The cabbage white, one of the country’s most common butterflies, is actually a European immigrant, as are some of our most common bird species like starling and house sparrow. This small, white butterfly with black wing spots (two for the female, one for the male — another party trick!) can be seen in open spaces from gardens to farm fields to vacant lots. This is not to be confused with the cabbage moth, the garden pest, which is gray (and, of course, a moth).

Another one that’s easy to pick out is the red admiral, which has bold orange-red bands on dark wings, with little white spots on the wing tips. There’s apparently some blue in there, as well, from which it derives its patriotic name, but I can’t usually pick that out. The unrelated white admiral is just as unmistakable — a bigger bug with wide white bands standing out against all-dark wings. I’ve seen these on Beech Hill in the summer; they always make me stop and look twice.

My favorite butterfly, a species I’ve only seen on Monhegan (perhaps because that’s the only place I pay so much attention to butterflies?) is the question mark. Its name comes from a silvery pair of marks on an otherwise leaf-brown underwing that looks just like its namesake. Calling out, “Oh, look, a question mark!” can elicit some confused responses to the uninitiated. This beautiful butterfly belongs to the group called anglewings because of its irregularly shaped wings, all fancy dips, curves, and points. Its wings are primarily orange with black spots. Many of the ones I’ve seen have pale wing edges that can sometimes look lavender. The question mark is not to be confused with the comma, which, as you might guess, has a silvery mark shaped like a comma on its underwing. If you aren’t fortunate enough to get a good look at what punctuation mark graces the underwing, the primary difference between these two related species is one less spot on the comma’s forewing.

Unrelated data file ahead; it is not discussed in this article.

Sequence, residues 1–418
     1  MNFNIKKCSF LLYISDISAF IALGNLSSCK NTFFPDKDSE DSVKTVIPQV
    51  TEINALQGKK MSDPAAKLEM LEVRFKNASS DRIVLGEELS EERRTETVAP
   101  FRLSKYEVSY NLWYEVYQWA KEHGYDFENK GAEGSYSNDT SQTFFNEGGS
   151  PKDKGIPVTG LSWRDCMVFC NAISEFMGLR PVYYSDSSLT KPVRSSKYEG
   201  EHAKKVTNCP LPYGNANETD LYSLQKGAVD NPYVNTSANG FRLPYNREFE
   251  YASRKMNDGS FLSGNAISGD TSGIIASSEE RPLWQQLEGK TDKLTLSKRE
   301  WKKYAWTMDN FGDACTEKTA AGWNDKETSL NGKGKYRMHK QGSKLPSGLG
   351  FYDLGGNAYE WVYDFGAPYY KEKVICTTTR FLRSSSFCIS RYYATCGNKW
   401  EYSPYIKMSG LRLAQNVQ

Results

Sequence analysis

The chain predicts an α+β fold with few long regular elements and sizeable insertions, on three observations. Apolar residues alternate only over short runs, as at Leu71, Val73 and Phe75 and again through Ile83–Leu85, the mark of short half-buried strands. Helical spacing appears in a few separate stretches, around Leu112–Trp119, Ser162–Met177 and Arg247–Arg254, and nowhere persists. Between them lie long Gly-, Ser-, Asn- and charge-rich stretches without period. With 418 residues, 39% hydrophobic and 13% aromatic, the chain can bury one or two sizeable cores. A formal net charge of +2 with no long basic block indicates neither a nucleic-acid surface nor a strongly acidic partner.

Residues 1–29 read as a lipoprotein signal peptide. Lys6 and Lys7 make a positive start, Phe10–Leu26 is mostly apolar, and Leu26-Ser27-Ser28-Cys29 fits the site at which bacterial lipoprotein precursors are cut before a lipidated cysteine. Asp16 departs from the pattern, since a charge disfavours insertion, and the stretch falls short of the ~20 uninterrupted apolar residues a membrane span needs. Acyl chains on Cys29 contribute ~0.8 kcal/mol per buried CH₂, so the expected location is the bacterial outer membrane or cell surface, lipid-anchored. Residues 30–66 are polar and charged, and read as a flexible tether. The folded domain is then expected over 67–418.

I should have called this piece “Butterflies for Dummies,” as this barely scratches the surface of Maine’s most common species. Maine has more than 100 native butterfly species, some of which are very habitat-specific or rare, almost all of which are worth a long look. Watching them can become habit-forming. Once you start practicing your party trick of identifying male from female monarchs, you might really start noticing the butterflies around you. And perhaps you may even find yourself one day agreeing with Nabokov. At least about butterflies, if not literature.